Yes, and the point is the bookies sell on the exuberance creating bubbles and buy on the fear creating troughs.

That’s how Warren Buffet does it.

Stephen

[ Edited: 02 October 2011 10:45 AM by StephenLawrence ]
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Posted: 02 October 2011 01:12 PM   [ Ignore ]   [ # 49 ]
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A few musings.

What worries me in an unrestricted capitalist system is the fact that aside from your selected skills or knowledge, one now must also become a banker, become an investor in the stock market (what an odd term), and in general become focused only on making money (another odd term). One cannot just make a living from his chosen vocation anymore, everyone is required to become an expert in finance.
If we are going to life in such a society, we need to change the school curricula. In addition to reading writing and arithmatic, we need to add a basic class in finance and the stockmarket.
When your job is taken by someone in China, the only option left is to invest in the company that has outsourced your job to begin with. But if one is on unemployment, how to get a hold of the finances to invest?  The whole system is upside down. The poor are forced to invest in the companies that shipped their jobs overseas.

And who came up with the idea that dividends and “passive” income should be taxed at a lower rate than on the salary you earn, investing your blood and sweat and tears?  Why should a guy, sitting in his comfy chair, smoking a cigar and getting paid for doing nothing, have to pay less on his income than anyone else? If we turned that system around in favor of the laborer, we’d probably have no financial hardship at all.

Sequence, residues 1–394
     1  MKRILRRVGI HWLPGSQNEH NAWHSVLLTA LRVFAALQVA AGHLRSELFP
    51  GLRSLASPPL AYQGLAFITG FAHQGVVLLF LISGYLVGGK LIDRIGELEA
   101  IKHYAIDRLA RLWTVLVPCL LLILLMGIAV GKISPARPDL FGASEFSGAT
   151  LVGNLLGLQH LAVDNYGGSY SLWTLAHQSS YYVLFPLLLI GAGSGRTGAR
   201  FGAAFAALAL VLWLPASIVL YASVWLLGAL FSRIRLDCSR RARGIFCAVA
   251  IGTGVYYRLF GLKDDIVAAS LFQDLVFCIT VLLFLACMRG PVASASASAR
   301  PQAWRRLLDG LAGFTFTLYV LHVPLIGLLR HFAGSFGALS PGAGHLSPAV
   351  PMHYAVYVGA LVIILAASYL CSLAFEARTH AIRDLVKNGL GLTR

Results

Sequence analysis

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Posted: 03 October 2011 09:15 AM   [ Ignore ]   [ # 50 ]
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Uh Oh, it’s worse than I thought, Europe is running out of beer!

http://money.cnn.com/video/news/2011/09/30/n_anderson_bailout_beer.cnnmoney/?iid=HP_Highlight

Stephen

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Posted: 03 October 2011 10:26 AM   [ Ignore ]   [ # 51 ]
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StephenLawrence - 02 October 2011 10:40 AM

This is just not how it works. Overwhelmingly the people waiting for the bad news to actually happen will be buyers, because that’s what they were waiting for, same with the bears, the bears will take their profits because that was the reason for the trade.

Under normal circumstances, there will be bulls and bears trading and generally the market is efficient but in the abnormal situation of a financial/economic crisis with loss of confidence in the system, panic is dominant and everyone wants to get out of the market ASAP. The market then is no longer efficient and this will trigger a deluge of selling leading to the collapse of the market.

It is a casino in that those who bet with the odds on their side tend to win, “the house” in the casino analogy.

It is an inappropriate analogy to compare a casino to the stock market.

In a casino, one is only betting against “the house”. The odds are known and can be computed accurately by the house with it having a slight edge in its favor. No other factors such as a financial crisis, an economic depression, political instability, war, natural disasters etc. influence the odds at all in a casino. The casino is a closed known system.